One of the most common attacks used by bad guys is to tackle or take someone to the ground and then attempt to finish the fight from top position on the victim. We have a principle-based approach to takedown defense that has been tested and refined in training, and proven during combat in the street. Through learning and training these simple concepts, C4C students prove hard to take down, and near impossible to hold down. This article will focus on not being taken down at all.
We need to consistently deliver several principles to avoid being taken down. The core principles are to get our hips in, create a barrier, control and drive the opponent’s head, and create an angle.
Get your hips in to “stuff” the opponent’s attempted takedown. One of the biggest errors that we consistently see when people sprawl is that they throw their hips back and up to try to counter the takedown. C4C trains its students to get their hips in to their opponent as they try to take them down or tackle them. It is as though you are “punching” the opponent with your hip as they try to tackle you. If the opponent shoots a low takedown, the C4C student will sprawl by getting hips in, feet away, and keeping their knees off the deck. You must get your hips in and create pressure on the opponent to stop his takedown.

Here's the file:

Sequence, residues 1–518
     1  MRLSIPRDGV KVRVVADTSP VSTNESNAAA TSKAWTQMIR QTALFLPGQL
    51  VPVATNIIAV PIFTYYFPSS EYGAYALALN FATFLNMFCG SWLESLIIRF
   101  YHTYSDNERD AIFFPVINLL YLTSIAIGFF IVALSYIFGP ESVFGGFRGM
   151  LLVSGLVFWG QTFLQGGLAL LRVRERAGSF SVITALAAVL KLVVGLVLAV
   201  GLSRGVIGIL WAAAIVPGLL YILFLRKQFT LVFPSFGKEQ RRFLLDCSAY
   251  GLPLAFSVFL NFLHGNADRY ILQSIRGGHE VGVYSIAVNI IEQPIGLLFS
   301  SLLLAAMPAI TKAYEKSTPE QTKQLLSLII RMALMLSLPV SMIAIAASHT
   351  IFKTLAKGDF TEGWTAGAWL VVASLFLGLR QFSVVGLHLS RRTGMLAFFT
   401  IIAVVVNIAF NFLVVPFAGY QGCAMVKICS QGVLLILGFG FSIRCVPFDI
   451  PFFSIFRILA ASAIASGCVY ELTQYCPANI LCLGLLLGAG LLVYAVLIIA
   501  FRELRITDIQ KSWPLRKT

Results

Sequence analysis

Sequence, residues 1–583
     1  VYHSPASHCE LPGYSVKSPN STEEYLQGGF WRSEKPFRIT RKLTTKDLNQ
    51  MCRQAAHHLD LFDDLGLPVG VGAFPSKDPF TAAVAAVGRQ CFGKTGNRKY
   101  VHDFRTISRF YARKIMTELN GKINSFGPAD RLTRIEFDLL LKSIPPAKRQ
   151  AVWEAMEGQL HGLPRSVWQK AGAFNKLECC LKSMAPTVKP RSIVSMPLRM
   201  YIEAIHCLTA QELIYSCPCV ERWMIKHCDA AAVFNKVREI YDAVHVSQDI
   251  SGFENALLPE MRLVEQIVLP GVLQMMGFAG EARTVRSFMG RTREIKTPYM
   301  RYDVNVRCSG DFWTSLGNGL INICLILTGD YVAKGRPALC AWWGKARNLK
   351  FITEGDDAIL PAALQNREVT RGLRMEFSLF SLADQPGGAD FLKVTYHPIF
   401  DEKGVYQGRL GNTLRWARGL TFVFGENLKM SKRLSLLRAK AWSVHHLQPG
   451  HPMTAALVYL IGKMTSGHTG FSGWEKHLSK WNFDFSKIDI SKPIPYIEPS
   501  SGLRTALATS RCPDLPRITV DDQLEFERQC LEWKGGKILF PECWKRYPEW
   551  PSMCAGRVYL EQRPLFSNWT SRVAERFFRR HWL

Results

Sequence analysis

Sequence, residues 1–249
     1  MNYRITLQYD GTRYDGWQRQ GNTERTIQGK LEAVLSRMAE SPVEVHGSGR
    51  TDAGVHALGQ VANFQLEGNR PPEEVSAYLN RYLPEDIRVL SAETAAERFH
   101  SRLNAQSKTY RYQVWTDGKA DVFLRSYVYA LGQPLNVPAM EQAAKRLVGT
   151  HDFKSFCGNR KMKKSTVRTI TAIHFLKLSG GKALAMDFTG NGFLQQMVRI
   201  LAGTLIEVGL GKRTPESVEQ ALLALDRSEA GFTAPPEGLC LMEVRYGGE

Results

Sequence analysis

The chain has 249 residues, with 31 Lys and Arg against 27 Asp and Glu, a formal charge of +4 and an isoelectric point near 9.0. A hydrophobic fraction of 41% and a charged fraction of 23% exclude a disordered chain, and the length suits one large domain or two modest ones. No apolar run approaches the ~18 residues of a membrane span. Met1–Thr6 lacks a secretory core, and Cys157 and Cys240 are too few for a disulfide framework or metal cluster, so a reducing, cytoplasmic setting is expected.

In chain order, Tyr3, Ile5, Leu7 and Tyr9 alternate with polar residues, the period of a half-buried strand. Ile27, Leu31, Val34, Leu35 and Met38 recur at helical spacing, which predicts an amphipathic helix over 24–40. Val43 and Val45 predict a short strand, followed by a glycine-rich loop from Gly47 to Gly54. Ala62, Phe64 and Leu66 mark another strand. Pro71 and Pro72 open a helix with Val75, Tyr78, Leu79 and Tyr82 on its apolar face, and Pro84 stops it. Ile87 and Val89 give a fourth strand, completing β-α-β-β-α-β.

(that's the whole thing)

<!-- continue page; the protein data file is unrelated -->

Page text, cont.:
Another key concept is to establish a barrier with your forearm, a cross face, or through an under-hook or over-hook. This barrier will reinforce the student getting their hips in to stop the takedown. Barriers also assist the C4C student in establishing head control and creating angles.
C4C students should also attempt to control and drive their opponent’s head offline, down or up, and away in an attempt to stop the takedown. Driving the opponent’s head offline is beneficial because where the head goes, the body follows. If we are successful in prying the opponent’s head up through a cross face it will be difficult to continue to take us down. If we drive the opponent’s head down towards the ground, we can bury the opponent under us and stop his forward momentum to stuff the takedown attempt. It is also common for the opponent to abandon the takedown attempt and put his hands out to catch himself before his face is driven into the ground. Getting the opponent’s head offline is also a way to put a “kink in the hose,” which makes the opponent weak.
The final core principle of takedown defense is to create an angle. Remember, an easy way to know we have an angle is if our hips face our opponent, and his hips face away from us, we have an angle. If we are getting our hips in, establishing a barrier, and controlling the opponent’s head, it will be much easier to create an angle.
Hips in, create a barrier, control and drive the opponent’s head, and create angles…if we consistently deliver these core principles we will be hard to take down. Come train with us in Las Vegas, or have us come to you, and we will show you how to train these simple principles so you can defend one of the most common attacks you are likely to see. Stay safe!
To receive hands-on Code 4 Concepts training, check out these upcoming courses:
C4C Edged Weapon Defense Course, May 23-24, Las Vegas, NV
C4 Tactics Instructor Certification, June 30-July 3, Las Vegas NV
C4C Enforcement Tactics & Defense, July 18-19, San Jose, CA